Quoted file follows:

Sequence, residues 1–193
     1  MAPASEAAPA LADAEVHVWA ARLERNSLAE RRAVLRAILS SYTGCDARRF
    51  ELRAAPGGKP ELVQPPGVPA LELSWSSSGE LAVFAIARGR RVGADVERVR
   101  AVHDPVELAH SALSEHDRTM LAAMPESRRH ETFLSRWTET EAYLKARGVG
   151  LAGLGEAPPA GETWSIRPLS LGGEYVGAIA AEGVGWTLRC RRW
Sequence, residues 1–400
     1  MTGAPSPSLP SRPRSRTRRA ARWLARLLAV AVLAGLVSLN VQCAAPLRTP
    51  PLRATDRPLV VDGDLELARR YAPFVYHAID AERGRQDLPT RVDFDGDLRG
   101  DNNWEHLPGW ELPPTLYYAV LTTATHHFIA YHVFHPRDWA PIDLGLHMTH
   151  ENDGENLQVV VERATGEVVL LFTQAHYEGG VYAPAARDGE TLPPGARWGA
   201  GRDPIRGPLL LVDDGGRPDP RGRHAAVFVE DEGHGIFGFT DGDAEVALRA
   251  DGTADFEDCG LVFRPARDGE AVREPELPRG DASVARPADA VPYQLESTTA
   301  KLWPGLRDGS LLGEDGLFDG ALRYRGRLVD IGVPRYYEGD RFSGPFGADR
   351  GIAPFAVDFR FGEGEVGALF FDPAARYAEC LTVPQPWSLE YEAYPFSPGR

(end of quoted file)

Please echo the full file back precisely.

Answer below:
Sequence, residues 1–193
     1  MAPASEAAPA LADAEVHVWA ARLERNSLAE RRAVLRAILS SYTGCDARRF
    51  ELRAAPGGKP ELVQPPGVPA LELSWSSSGE LAVFAIARGR RVGADVERVR
   101  AVHDPVELAH SALSEHDRTM LAAMPESRRH ETFLSRWTET EAYLKARGVG
   151  LAGLGEAPPA GETWSIRPLS LGGEYVGAIA AEGVGWTLRC RRW
Sequence, residues 1–400
     1  MTGAPSPSLP SRPRSRTRRA ARWLARLLAV AVLAGLVSLN VQCAAPLRTP
    51  PLRATDRPLV VDGDLELARR YAPFVYHAID AERGRQDLPT RVDFDGDLRG
   101  DNNWEHLPGW ELPPTLYYAV LTTATHHFIA YHVFHPRDWA PIDLGLHMTH
   151  ENDGENLQVV VERATGEVVL LFTQAHYEGG VYAPAARDGE TLPPGARWGA
   201  GRDPIRGPLL LVDDGGRPDP RGRHAAVFVE DEGHGIFGFT DGDAEVALRA
   251  DGTADFEDCG LVFRPARDGE AVREPELPRG DASVARPADA VPYQLESTTA
   301  KLWPGLRDGS LLGEDGLFDG ALRYRGRLVD IGVPRYYEGD RFSGPFGADR
   351  GIAPFAVDFR FGEGEVGALF FDPAARYAEC LTVPQPWSLE YEAYPFSPGR